If adventure filming was easy there would be alot more of us out there hanging off clips capturing legendary climbers completing first ascents or holing up at backcountry lodges making magic and calling it our day job.
Unfortunately it’s no walk in the park, hence why the title “Cinematographer” is likely not following your name on any business cards (yet anyway). But that doesn’t mean it’s impossible to capture good footage of yourself and you friends when you are getting after it on the weekends or after work.
We all have to start somewhere, and whether you are still figuring if 2 beeps on your GoPro means it's on or recording- or you are mastering shooting with a DSLR, or prepping to shoot out of a helicopter for the first time, it's always nice to hear from people who have been there and done that.
We connected with a few individuals who capture footage for a living to find out what tips and tricks they have for filmers who are just starting out.
LEO HOORN is a young protege who quickly rose from the intern ranks to Director of Photography for one of the most renowned production companies in the action sports world- Sherpas Cinema. He has travelled to the most remote corners of the globe capturing some of the world’s best athletes on film for companies like The North Face, National Geographic, Audi and many, many more.
He says he finds inspiration for his work from many mediums- from photography, to painting to architecture. They all influence the way he lights, adds colour and composes his image.
"This is the best part of learning, you never know what you may stumble into. You don't need the latest and greatest camera to do good work.
Leo's secrets to success are simple:
Find a mentor: "Mentors are huge, from talking to someone in your local community to people on the internet. People are generally willing to help answer questions you may have. You can learn so much from watching others and the way they work."
Use the internet: "There are so many blogs, online classes and camera tutorials out there. If you have a question you have about gear, lighting or anything in filmmaking its likely someone else has thought about it as well." (Even the pros google "how to….?"every once and awhile)
Pay attention to what you like and don’t like: "Try deconstructing other peoples work, be it a Hollywood film, a photo or someone else's five minute film on the internet to see if you can understand how they achieved their vision. Don't copy it but maybe you can apply some of the techniques to create your own vision."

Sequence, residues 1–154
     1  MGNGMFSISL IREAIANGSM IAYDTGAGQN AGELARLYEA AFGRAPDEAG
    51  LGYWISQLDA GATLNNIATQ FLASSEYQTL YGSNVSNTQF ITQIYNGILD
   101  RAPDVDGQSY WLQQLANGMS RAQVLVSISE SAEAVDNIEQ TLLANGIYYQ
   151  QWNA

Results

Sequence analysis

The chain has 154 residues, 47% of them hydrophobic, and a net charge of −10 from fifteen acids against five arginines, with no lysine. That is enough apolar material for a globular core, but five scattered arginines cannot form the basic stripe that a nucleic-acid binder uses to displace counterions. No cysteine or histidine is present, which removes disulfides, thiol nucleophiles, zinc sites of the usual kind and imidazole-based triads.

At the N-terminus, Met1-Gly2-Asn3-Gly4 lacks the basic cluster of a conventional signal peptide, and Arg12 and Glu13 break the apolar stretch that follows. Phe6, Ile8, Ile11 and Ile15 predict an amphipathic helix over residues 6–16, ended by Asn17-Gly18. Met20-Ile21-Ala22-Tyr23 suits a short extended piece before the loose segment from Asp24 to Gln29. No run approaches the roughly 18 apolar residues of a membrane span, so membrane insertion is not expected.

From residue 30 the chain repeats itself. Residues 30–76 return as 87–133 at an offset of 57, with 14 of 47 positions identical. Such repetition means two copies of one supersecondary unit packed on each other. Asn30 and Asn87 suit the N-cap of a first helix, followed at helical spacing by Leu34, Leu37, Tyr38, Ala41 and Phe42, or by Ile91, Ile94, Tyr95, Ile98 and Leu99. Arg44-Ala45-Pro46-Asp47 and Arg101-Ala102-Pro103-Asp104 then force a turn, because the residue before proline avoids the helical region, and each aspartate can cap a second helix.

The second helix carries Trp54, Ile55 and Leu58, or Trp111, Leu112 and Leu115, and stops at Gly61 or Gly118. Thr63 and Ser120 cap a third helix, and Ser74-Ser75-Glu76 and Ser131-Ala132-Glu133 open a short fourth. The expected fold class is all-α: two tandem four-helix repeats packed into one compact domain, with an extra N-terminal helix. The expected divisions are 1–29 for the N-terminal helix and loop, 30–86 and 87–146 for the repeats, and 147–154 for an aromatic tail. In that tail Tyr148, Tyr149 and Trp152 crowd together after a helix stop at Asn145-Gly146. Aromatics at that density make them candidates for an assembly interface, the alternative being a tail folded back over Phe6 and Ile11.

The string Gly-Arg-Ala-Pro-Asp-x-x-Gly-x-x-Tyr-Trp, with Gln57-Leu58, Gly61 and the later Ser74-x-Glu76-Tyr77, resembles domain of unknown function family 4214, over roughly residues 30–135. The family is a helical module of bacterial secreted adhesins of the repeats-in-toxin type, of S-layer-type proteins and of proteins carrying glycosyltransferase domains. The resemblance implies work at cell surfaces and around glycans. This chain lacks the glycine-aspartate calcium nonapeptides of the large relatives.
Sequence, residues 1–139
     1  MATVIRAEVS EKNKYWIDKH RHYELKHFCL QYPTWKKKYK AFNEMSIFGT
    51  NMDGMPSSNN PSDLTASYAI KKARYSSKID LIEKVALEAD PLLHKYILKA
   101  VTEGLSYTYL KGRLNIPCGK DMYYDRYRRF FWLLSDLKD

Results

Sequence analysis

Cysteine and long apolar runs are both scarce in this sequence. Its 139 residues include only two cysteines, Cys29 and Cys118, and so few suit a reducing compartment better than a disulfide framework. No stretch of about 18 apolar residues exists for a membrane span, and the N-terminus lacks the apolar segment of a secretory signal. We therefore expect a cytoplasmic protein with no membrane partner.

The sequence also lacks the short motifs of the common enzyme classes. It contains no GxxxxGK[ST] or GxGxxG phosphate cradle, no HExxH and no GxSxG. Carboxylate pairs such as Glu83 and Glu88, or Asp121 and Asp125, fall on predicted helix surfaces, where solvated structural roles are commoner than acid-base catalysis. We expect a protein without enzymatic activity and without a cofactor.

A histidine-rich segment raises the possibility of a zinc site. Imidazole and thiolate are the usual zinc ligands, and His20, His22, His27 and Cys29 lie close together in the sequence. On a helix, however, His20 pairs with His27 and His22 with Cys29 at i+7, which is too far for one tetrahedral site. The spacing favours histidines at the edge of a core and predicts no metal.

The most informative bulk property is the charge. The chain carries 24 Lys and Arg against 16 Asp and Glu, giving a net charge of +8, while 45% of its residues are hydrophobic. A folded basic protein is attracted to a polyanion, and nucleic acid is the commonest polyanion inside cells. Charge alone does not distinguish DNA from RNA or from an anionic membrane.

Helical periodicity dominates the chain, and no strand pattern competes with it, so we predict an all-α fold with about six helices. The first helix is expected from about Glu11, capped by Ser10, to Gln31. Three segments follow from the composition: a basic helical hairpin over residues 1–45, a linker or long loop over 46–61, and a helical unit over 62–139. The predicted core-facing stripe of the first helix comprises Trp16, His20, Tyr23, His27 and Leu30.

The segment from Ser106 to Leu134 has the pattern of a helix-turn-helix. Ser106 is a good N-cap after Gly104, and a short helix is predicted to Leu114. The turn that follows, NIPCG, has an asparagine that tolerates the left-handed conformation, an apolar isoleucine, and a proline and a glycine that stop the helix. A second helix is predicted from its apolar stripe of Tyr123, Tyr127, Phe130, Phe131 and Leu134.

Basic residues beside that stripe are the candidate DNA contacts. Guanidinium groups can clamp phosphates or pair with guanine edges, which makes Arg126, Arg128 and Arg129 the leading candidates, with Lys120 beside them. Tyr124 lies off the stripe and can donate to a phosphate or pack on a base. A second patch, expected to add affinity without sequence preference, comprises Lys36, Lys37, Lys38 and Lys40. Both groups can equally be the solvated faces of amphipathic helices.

Experiment. "This is the best part of learning, you never know what you may stumble into. You don't need the latest and greatest camera to do good work. Try things to modify the image and make it work for you. I have crushed glass to a dust and placed it on a filter to defuse the image and ended up shooting a commercial with it. The same goes with lighting there are many affordable materials and fixtures that can be used on your projects you just have to try some out to get the effects you may be looking for."
Pay attention to Light. "Light is so important to make a beautiful image. When I see nice light in the natural environment I love to deconstruct it so I can recreate it with lights or place a subject in a similar situation. Maybe it's the sun bouncing off building windows in a city or a shaded area on a high sun summer day. I try to find ways I can shoot a image in every different natural lighting scenario throughout the day."
JAMIE TANNER grew up on skis and has produced award-winning films in the snow and surf worlds. He believes a successful shoot is one that is planned properly.
“Really think through your whole shot, walk through your movements from the viewpoint of all the actors and finally as the camera operator before you hit record. Once everyone and everything is a well-oiled machine, then you are ready to capture. Like a football team at the line of scrimmage, they all know the play. I can be guilty of recording way to much and then enduring the punishment of going through and watching the ground, the sky and every tree in Canada trying to find the footage you actually want to see. First see it in your mind, then plan it, then grasshopper, you hit record!"
ZOYA LYNCH is an adventure photographer who dabbles in film on the side. She has produced edits for Destination BC, Patagonia and Atomic.
She believes that when you are just starting out there are three simple keys to success:
Light. "The best hours for filming are around sunrise and sunset. This is when the light is soft and golden everything looks more magical."
Communication. "Shooting with friends is the best because most likely you already have an idea of how to get messages across to them. Chances are you have skied, or biked, or surfed (or whatever activity you are shooting) together a lot, so you know their style and ability level. The more clearly you can communicate your goals for each shot to your subject, the more likely that the shot will work out the way you want it to."
Remember to have fun. "A lot of shots don’t work out. Sometimes the most unexpected ones do! Don’t get frustrated if you aren't getting bangers every time. Just keep trying to be creative, experiment with different things and shrug it off when you don’t get what you were looking for. Chances are some cool glimmer of light will catch your eye and you will spend an hour filming it and forget all about your last mistake"
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Stay tuned for Part TWO of this blog post where we get technical with Northfork Industries cinematographer Garrett Van Swearingen.